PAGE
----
Response, Risk Scenarios and Defences of Hypoxia

Published: June 13, 2019


What is Hypoxia? Why is it so dangerous? These common questions may have simple answers, but there is more to it than what meets the eyes such as the question of what does the aircrew do when a passenger is suffering from hypoxia? When does risk of hypoxia cross the border from safe to unsafe? Buckle up, because we will be breaking it all down here.

Hypoxia is defined as the lack of oxygen in body tissues which are due to a shortage of oxygen molecules present in the air or due to physiological/pathological issues that affects the blood circulation/quantity of oxygen carried by haemoglobin (Hb) in blood such as carbon monoxide poisoning or cardiovascular diseases. The human blood contains haemoglobin (Hb) that carries oxygen molecules from the lungs to the rest of the body and carries carbon dioxide back from the rest of the body back to the lungs. Enough oxygen concentration in air and adequate Hb amount in body is vital for the body to function properly.

Response, Risk Scenarios, and Defences of Hypoxia

There are various factors that may affect the severity of hypoxia, which often depends on the capabilities of the person, as there are other external factors that may cause severe hypoxia for some and minor hypoxia for others. Some factors that affect the severity of hypoxia would be the physical fitness of the person, cabin temperature, altitude of the aircraft, rate of ascent, and the duration of the aircraft at high altitudes where hypoxia is prone to occur. Hypoxia may occur suddenly or gradually. Sudden ones require a rapid and instinctive response by the aircrew while gradual ones gives the aircrew some ample time to restore adequate oxygen concentration back into the cabin before incapacitation occurs.

The effects of hypoxia would include a sense of fatigue, confusion, impaired decision making, the inability to concentrate, reduction in reflex, loss of consciousness, and even death on the worst cases. The dangers of hypoxia are due to the fact that hypoxia may come unnoticeable as there are no major visible/noticeable symptoms making it more dangerous for oblivious aircraft crew members.

In greater altitudes, there are lower levels of oxygen or otherwise called as partial pressure of oxygen. Above 10 000 ft. In altitude, blood’s Hb is less saturated with oxygen and may bring up any previous cardiovascular diseases of aircrew and/or passengers. When there is an abrupt drop in the partial pressure of oxygen of the cabin due to rapid depressurisation in high altitudes, often caused by structural errors such as a broken window or damaged cabin body, hypoxia will occur. The gradual increase in altitude of the aircraft at about 10 000 ft. In the absence of normal pressurisation would also cause aircraft passengers to experience hypoxia. This is achieved by ascending above 10 000 ft. without the pressurisation system functioning well or it being damaged. These are the risk scenarios of hypoxia.

The technical response towards the increasing altitude of the aircraft above 10000 ft. Is shown during the pressurization of the aircraft cabin. By pressurizing the aircraft cabin, the pressure within the cabin is equivalent to that of the aircraft being in 8000 ft. In altitude. Aircraft pressurization systems normally operates automatically, however, aircrew members are still required to undergo the correct procedures to monitor the cabin altitude to prevent any unnoticeable errors.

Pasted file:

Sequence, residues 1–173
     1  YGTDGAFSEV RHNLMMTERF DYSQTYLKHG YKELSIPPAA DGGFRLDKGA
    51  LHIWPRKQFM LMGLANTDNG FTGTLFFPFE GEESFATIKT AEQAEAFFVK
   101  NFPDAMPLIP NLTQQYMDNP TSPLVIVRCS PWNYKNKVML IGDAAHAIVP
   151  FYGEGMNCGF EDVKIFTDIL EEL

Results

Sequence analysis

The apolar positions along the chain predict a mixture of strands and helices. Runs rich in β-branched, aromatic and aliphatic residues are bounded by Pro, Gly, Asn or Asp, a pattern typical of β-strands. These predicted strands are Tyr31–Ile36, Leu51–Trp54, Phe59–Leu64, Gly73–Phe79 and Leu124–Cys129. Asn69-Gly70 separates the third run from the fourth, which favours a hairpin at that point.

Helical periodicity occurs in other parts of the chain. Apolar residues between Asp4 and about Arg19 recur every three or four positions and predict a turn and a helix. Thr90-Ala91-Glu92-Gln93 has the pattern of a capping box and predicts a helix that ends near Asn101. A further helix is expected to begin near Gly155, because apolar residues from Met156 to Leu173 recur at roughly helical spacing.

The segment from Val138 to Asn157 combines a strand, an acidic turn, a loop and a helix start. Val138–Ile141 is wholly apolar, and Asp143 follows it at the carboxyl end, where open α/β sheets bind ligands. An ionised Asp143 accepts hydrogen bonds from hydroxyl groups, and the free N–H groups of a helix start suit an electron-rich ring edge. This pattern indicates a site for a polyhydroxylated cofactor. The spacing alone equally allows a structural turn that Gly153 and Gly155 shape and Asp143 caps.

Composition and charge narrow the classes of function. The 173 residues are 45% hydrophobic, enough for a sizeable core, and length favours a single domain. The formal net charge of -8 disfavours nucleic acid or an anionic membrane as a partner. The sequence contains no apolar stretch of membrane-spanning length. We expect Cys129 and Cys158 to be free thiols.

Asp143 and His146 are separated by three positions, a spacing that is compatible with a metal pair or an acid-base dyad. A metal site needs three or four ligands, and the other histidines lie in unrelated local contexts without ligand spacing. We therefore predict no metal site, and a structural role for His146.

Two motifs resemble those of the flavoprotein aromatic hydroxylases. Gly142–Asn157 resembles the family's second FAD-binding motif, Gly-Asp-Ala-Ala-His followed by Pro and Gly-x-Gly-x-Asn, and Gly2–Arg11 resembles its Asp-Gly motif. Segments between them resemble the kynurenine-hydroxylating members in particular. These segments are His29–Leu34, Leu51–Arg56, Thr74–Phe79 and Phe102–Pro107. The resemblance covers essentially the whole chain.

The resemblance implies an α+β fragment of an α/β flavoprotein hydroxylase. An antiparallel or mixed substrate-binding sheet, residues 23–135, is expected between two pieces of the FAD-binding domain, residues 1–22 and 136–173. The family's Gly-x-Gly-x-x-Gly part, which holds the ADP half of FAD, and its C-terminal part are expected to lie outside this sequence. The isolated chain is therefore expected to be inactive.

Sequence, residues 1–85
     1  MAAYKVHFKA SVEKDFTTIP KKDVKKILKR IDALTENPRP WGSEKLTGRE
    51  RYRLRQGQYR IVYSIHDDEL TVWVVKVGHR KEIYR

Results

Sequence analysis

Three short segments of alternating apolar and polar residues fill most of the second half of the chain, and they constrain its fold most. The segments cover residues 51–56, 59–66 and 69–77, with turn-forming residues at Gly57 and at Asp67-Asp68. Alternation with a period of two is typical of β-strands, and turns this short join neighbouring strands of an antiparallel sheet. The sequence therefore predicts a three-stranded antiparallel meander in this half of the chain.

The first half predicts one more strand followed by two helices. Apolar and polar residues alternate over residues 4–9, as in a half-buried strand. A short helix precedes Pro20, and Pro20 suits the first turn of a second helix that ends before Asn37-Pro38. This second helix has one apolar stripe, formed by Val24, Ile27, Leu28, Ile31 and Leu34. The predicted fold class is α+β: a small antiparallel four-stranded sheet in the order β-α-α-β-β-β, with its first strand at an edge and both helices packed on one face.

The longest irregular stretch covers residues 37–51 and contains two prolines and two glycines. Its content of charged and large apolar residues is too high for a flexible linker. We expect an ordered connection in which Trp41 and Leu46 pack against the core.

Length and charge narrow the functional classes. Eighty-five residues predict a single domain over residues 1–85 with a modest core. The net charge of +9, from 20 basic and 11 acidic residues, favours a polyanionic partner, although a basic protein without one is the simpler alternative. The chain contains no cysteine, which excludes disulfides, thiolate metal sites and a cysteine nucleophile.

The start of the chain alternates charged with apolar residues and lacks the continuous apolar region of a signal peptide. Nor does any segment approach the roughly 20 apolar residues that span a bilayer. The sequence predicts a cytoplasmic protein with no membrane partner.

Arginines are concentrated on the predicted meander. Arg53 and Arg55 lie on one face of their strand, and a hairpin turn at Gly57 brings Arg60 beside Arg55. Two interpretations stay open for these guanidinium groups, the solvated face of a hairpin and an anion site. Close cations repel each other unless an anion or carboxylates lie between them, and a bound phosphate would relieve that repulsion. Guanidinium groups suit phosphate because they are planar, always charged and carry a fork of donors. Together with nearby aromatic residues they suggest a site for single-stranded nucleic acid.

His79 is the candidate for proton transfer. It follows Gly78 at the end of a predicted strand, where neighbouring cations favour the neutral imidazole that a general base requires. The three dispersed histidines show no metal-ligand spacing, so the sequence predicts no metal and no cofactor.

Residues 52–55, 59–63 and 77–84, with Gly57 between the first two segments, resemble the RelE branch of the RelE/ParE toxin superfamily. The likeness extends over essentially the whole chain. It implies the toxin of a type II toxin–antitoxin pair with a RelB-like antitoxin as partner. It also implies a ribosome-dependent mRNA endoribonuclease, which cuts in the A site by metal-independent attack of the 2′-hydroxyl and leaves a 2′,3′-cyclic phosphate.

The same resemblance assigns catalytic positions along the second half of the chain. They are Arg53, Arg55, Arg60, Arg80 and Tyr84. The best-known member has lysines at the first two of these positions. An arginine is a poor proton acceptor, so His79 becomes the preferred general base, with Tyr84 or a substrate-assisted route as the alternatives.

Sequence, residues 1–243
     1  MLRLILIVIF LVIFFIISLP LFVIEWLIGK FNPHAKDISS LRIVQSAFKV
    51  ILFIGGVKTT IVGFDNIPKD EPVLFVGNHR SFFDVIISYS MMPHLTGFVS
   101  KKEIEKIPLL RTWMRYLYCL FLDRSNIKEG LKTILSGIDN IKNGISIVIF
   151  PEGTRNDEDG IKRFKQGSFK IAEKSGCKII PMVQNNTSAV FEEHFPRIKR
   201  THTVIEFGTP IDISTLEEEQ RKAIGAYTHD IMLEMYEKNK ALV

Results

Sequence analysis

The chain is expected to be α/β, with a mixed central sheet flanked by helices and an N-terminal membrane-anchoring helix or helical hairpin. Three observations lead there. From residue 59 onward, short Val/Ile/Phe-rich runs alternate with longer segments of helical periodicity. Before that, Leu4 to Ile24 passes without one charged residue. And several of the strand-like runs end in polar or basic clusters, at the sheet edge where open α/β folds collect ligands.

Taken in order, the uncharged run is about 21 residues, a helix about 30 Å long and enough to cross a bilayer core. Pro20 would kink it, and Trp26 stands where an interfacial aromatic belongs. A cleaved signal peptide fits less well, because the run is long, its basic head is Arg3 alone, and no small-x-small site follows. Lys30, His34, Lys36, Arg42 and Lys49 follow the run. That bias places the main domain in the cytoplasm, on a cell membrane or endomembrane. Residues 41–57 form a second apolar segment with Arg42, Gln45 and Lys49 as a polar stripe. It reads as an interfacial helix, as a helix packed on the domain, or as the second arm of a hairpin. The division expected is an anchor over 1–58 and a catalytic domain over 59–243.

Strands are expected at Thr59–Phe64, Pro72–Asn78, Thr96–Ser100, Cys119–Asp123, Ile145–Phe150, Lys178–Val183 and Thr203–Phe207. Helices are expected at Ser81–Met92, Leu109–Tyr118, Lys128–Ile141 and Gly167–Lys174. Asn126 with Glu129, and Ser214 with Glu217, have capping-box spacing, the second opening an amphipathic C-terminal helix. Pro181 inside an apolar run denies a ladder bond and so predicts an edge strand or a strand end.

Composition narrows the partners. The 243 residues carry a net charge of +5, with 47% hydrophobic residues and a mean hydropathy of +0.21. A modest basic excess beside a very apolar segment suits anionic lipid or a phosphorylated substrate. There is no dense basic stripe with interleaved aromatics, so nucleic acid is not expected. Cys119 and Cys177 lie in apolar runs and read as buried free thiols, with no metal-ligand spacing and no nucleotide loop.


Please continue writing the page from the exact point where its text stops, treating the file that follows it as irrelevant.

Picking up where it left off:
So, how can we defend ourselves from hypoxia during flight? What can we do, as passengers, and what can be done by the aircrew? As per the responsibilities of the aircrew, they are all required to undergo the appropriate training that would enable them to spot any underlying symptoms of hypoxia and have a quick response towards decompression. Pilots are required to ensure that the aircraft is still under control and cabin pressure can be returned to its “normal” altitude. As for the passengers, we are required to pay attention to the safety cabin briefing done before take-off and remain calm during depressurization.

Response, Risk Scenarios, and Defences of Hypoxia

Although, have you ever wondered how the body reacts to hypoxia, if at all? Well, the body does undergo its own defences that acts as a hypoxia ‘sign’. This could save your life! The body will show blueness of the lips or fingertips, have an increased rate and depth of breathing, excessive yawning, fatigue, feeling of euphoria, impaired concentration, loss of consciousness, etc. If any of these symptoms are seen, do not hesitate to call the air stewardess and inform them of the current situation. If you are already mid-flight, there is little that can be done up in the air, however, prior to take off the aircrew may delay the flight and get you to safety.

With all this in mind, hypoxia may be scary and intimidating to encounter but, just remember to not panic and inform someone immediately if you are showing any of the symptoms. Fortunately for us, the aircrew in this modern era are required to have prior trainings regarding hypoxia before they are allowed to take off in the aviation world. So sit back, relax, and enjoy the flight.


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